Edgardo Simone (1952-2024)

August 2023 was a busy month for the Neumation team. Taking a break from our usual day-to-day work, we made a special trip to Southern California. We divided our time between Los Angeles, attending a Les Baxter concert in San Diego (Tiki Oasis), and hanging out at Danny Elfman’s Big Mess concert in Chula Vista. We were very graciously hosted by orchestrator Edgardo Simone and his wife Jean in Glendale. The few days we spent with the Simone’s were the highlight of our trip—to say they were kind people is an understatement. Sadly, Ed passed away several weeks ago following a brain bleed. In 2019, he took a break from orchestrating to rehab at home following brain surgery. To the end, he was working on music projects, playing the bass, and cracking jokes. We feel it timely to share our little story about Ed. 

Edgardo spent most of his career working behind the scenes. It is a shame more people didn’t have the chance to meet him, because he was truly a character. He had a laid back, relaxed personality and his sense of humor was very dry and sardonic. If he didn’t say it with a smile, you might have thought he was serious, but he wasn’t! He didn’t have much of a filter. If it came to his mind, he said it. Ed would tell a joke, then burst into laughter. Within moments of being in his presence, it was clear he was a man of good humor. The first night in the Simone home, we were in the studio library deep in the bowels of the Spanish revival house that Ed restored with his own two hands (a man of many talents). He learned over the bannister and summoned us in a mock June Cleaver, 1950’s motherly voice, “Oh children, come to dinner.” 

Over dinner, Ed and Jean shared stories about their life together. Their dining room table had been featured in The Song of Bernadette—Ed’s grandfather, Edgardo Simone (1890-1958), was a sculptor who provided the sculptures used in the film. The large wooden table was later procured by the Simone’s. Many of the elder Edgardo’s sculptures were displayed throughout the house. The living room, down a flight of stairs from the dining room, had a massive ceiling and the walls were covered in beautiful art. We would point out something interesting and Ed just would say, “yeah that’s nifty, isn’t it?”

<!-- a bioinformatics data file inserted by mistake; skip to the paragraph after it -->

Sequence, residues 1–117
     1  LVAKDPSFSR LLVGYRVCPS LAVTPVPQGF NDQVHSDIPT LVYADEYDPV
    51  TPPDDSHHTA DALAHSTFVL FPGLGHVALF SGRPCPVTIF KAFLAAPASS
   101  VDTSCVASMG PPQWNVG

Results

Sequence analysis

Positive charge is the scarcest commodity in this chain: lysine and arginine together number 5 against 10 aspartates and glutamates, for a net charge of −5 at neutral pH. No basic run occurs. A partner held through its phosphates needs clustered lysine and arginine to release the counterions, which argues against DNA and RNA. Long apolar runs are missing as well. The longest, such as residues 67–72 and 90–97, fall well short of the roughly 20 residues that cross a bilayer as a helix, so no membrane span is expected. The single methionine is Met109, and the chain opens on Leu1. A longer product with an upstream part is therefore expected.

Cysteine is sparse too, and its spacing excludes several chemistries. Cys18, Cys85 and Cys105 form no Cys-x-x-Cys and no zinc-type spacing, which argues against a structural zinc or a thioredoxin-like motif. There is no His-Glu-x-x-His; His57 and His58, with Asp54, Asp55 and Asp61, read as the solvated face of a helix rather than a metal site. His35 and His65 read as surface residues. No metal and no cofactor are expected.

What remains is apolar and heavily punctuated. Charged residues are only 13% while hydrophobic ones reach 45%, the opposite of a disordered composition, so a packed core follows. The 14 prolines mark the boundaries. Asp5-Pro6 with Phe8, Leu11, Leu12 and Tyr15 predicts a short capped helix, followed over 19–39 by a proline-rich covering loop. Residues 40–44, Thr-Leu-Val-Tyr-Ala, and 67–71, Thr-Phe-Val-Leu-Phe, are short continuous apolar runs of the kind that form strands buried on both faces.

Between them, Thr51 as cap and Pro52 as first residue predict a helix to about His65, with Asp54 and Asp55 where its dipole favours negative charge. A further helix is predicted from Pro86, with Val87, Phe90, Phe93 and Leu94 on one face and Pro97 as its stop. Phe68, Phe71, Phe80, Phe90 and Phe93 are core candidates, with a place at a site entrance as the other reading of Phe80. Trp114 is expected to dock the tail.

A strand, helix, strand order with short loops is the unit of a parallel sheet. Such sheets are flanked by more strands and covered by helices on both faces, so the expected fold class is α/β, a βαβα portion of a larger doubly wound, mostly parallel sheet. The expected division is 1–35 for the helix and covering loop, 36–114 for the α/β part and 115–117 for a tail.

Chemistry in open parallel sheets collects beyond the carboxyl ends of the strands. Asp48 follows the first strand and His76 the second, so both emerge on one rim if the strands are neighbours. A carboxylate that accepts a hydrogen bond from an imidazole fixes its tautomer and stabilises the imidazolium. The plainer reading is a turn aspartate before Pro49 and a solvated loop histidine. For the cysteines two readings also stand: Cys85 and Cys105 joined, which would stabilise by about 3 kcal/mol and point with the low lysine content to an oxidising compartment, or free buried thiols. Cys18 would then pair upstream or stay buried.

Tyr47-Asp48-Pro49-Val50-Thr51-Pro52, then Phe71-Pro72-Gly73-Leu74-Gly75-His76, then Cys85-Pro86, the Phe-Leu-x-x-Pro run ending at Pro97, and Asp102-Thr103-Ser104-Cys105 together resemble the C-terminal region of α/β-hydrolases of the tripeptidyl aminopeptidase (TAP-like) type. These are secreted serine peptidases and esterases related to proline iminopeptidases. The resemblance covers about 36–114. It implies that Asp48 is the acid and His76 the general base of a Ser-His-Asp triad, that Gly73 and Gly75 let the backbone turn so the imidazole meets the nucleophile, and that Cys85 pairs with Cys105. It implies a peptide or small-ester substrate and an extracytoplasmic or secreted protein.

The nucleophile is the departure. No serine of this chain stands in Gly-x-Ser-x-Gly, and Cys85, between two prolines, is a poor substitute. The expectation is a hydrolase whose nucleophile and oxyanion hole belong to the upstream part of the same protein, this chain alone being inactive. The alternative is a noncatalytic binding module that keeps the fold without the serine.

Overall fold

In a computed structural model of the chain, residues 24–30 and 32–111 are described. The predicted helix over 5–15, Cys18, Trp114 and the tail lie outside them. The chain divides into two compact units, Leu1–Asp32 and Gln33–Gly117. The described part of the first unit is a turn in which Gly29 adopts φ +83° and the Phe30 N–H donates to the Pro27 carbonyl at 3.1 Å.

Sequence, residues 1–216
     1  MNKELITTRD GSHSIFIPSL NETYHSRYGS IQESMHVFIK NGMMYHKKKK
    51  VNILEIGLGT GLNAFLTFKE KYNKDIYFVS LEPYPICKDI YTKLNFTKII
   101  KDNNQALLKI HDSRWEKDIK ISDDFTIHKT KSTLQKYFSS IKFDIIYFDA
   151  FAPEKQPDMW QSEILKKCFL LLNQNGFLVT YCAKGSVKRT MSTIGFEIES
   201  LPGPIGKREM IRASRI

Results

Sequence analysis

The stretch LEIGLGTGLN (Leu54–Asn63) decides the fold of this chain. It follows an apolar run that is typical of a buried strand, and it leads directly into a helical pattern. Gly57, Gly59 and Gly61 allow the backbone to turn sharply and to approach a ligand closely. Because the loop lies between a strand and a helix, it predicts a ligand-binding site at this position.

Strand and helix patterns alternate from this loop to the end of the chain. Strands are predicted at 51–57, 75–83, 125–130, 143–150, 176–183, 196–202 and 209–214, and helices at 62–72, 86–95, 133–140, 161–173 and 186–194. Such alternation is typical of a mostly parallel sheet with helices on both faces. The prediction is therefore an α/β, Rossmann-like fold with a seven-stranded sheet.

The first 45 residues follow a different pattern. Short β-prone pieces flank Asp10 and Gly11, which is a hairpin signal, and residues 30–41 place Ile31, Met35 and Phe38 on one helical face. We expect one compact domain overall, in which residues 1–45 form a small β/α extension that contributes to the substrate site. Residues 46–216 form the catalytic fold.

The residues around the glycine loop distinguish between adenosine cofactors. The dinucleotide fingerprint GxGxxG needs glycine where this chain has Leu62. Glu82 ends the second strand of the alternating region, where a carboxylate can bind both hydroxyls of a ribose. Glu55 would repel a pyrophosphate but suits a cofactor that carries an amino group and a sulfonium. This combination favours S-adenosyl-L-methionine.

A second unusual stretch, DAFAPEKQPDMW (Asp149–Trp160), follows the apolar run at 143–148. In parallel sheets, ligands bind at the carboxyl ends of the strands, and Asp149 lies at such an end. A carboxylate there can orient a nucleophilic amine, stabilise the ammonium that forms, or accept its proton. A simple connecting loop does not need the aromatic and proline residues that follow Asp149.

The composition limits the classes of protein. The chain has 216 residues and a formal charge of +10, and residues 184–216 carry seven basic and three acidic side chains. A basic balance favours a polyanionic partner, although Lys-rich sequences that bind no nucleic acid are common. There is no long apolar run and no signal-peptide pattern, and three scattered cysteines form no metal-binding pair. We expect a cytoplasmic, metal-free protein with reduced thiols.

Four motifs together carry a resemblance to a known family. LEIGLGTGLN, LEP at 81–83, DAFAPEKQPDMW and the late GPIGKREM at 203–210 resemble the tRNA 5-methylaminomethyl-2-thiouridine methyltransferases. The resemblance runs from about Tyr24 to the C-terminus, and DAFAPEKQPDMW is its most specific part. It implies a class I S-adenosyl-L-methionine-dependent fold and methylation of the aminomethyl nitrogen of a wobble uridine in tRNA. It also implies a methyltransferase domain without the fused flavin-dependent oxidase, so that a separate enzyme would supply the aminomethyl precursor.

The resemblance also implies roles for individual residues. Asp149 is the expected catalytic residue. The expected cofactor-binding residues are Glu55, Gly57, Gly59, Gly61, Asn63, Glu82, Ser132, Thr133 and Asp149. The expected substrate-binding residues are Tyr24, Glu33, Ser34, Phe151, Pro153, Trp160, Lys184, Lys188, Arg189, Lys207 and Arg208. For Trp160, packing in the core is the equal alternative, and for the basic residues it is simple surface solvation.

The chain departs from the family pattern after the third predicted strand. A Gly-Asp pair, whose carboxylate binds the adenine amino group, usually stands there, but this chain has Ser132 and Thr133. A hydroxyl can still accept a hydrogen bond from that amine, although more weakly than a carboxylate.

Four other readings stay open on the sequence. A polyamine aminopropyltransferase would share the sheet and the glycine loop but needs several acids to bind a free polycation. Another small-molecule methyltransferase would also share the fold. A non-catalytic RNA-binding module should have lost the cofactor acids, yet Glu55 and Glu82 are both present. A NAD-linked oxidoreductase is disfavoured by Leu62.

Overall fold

Ed would tell stories about his long career as if they were no big deal—to us, they were.  He dropped out of high school and got two Masters Degrees within nine months from the University of Oregon. Eastman and Harvard both offered him a scholarship for a Doctorate, but he turned them down and moved to Hollywood instead. Jean mentioned that Ed joined MENSA to meet girls, which is totally in character. 

Ed was an all-around great guy. He was an incredibly bright, gifted musician. His studio was filled with bass guitars—as was the bathroom (no joke) and probably other rooms we didn’t see. He knew the in’s and out’s of the orchestra and could write anything. He was extremely well read and had a vast library of music literature and scores, many of which he had tracked down from around the globe. His library of CD’s was floor to ceiling in gorgeous wooden shelves that covered two ends of his listening room. Of course, Ed restored all of the woodwork himself, as he did for nearly everything else in the house. Ed was a true composer in every sense of the word. A craftsman. A musician’s musician. He started his career ghostwriting for some well known composers in the 1980s. We dug up composer sketches printed on decaying fax paper. They were nothing more than scribbles and chicken scratch. Ed would chuckle and say, “I saved that guy’s hide. He wrote a pretty tune, though.” He was too modest for someone of his talent. With his passing, so much knowledge is now lost. The world will never know everything he did. 

Ed’s hiatus from work had clearly taken a toll. Music was his life and he needed to get his mind back to the grind. He said would be delighted to help us engrave Goldsmith’s Planet of the Apes, if we were to ever publish it. How could we say no? After our hotel reservations didn’t pan out in San Diego, we raced back to Glendale exhausted. Upon arriving at Ed’s at 3:00 a.m., he invited us in and said, “So, you came back, huh?” Then he chuckled. 

(Photograph: Dan Goldwasser, courtesy ScoringSessions.com)

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